POV-Ray : Documentation : 2.5.11.9 Crackle Patterns
 POV-Ray 3.6 Documentation Online View

#### 2.5.11.9 Crackle Patterns

The `crackle` pattern is a set of random tiled multifaceted cells.

There is a choice between different types:

Standard Crackle
Mathematically, the set crackle(p)=0 is a 3D Voronoi diagram of a field of semi random points and crackle(p) < 0 is the distance from the set along the shortest path (a Voronoi diagram is the locus of points equidistant from their two nearest neighbors from a set of disjoint points, like the membranes in suds are to the centers of the bubbles).

With a large scale and no turbulence it makes a pretty good stone wall or floor.
With a small scale and no turbulence it makes a pretty good crackle ceramic glaze.
Using high turbulence it makes a good marble that avoids the problem of apparent parallel layers in traditional marble.

Form

```  pigment {
crackle form <FORM_VECTOR>
[PIGMENT_ITEMS ...]
}
normal {
crackle [Bump_Size]
form <FORM_VECTOR>
[NORMAL_ITEMS ...]
}
```

Form determines the linear combination of distances used to create the pattern. Form is a vector.
The first component determines the multiple of the distance to the closest point to be used in determining the value of the pattern at a particular point.
The second component determines the coefficient applied to the second-closest distance.
The third component corresponds to the third-closest distance.

The standard form is <-1,1,0> (also the default), corresponding to the difference in the distances to the closest and second-closest points in the cell array. Another commonly-used form is <1,0,0>, corresponding to the distance to the closest point, which produces a pattern that looks roughly like a random collection of intersecting spheres or cells.
Other forms can create very interesting effects, but it is best to keep the sum of the coefficients low.
If the final computed value is too low or too high, the resultant pigment will be saturated with the color at the low or high end of the `color_map`. In this case, try multiplying the form vector by a constant.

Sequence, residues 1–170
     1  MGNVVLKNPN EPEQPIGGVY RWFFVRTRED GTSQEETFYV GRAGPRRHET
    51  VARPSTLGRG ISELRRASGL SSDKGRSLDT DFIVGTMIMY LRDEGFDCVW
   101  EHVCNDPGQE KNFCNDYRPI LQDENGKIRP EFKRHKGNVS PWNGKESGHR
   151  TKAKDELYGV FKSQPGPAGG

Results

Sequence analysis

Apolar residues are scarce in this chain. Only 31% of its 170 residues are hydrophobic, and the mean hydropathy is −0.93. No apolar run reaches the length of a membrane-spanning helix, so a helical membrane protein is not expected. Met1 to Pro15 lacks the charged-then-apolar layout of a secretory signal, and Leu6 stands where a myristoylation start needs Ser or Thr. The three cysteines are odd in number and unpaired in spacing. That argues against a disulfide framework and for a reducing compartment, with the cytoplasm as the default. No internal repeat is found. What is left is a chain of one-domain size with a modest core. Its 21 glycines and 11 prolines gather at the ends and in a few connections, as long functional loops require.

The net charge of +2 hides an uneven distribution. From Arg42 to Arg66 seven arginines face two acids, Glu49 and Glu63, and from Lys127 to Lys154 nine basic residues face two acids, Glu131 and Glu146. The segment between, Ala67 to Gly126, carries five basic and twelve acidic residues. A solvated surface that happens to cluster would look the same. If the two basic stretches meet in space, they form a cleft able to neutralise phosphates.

Metric

```  pigment {
crackle metric METRIC_VALUE
[PIGMENT_ITEMS ...]
}
normal {
crackle [Bump_Size]
metric METRIC_VALUE
[NORMAL_ITEMS ...]
}
```

Changing the metric changes the function used to determine which cell center is closer, for purposes of determining which cell a particular point falls in. The standard Euclidean distance function has a metric of 2. Changing the metric value changes the boundaries of the cells. A metric value of 3, for example, causes the boundaries to curve, while a very large metric constrains the boundaries to a very small set of possible orientations.
The default for metric is 2, as used by the standard crackle texture.
Metrics other than 1 or 2 can lead to substantially longer render times, as the method used to calculate such metrics is not as efficient.

Offset

```  pigment {
crackle offset OFFSET_VALUE
[PIGMENT_ITEMS ...]
}
normal {
crackle [Bump_Size]
offset OFFSET_VALUE
[NORMAL_ITEMS ...]
}
```

The offset is used to displace the pattern from the standard xyz space along a fourth dimension.
It can be used to round off the "pointy" parts of a cellular normal texture or procedural heightfield by keeping the distances from becoming zero.
It can also be used to move the calculated values into a specific range if the result is saturated at one end of the color_map.
The default offset is zero.

Solid

```  pigment {
crackle solid
[PIGMENT_ITEMS ...]
}
normal {
crackle [Bump_Size]
solid
[NORMAL_ITEMS ...]
}
```

Causes the same value to be generated for every point within a specific cell. This has practical applications in making easy stained-glass windows or flagstones. There is no provision for mortar, but mortar may be created by layering or texture-mapping a standard crackle texture with a solid one.
The default for this parameter is off.